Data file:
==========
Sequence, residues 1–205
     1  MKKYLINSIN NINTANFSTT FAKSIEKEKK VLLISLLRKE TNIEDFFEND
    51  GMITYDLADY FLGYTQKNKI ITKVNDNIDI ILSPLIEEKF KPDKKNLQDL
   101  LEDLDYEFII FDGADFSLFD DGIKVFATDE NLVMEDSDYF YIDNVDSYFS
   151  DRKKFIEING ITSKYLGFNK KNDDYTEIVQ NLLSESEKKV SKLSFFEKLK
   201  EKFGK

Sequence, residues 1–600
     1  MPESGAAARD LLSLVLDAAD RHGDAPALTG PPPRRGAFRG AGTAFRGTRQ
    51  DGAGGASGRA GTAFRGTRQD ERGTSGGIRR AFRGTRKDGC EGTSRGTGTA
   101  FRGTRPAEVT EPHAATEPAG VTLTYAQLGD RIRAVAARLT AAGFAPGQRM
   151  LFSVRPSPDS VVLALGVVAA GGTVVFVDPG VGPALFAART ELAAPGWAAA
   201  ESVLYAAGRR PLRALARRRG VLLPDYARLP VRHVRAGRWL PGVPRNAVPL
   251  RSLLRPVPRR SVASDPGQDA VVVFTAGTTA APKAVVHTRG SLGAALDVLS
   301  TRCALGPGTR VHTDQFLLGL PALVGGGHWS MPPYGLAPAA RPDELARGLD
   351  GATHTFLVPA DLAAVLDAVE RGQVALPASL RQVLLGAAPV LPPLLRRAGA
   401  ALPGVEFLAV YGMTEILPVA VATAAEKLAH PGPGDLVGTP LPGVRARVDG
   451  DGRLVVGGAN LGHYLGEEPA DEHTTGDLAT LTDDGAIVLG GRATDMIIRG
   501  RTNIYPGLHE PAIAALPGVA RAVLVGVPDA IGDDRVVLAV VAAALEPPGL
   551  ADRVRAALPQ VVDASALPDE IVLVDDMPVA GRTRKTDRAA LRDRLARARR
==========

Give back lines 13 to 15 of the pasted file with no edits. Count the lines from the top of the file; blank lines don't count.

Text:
   251  RSLLRPVPRR SVASDPGQDA VVVFTAGTTA APKAVVHTRG SLGAALDVLS
   301  TRCALGPGTR VHTDQFLLGL PALVGGGHWS MPPYGLAPAA RPDELARGLD
   351  GATHTFLVPA DLAAVLDAVE RGQVALPASL RQVLLGAAPV LPPLLRRAGA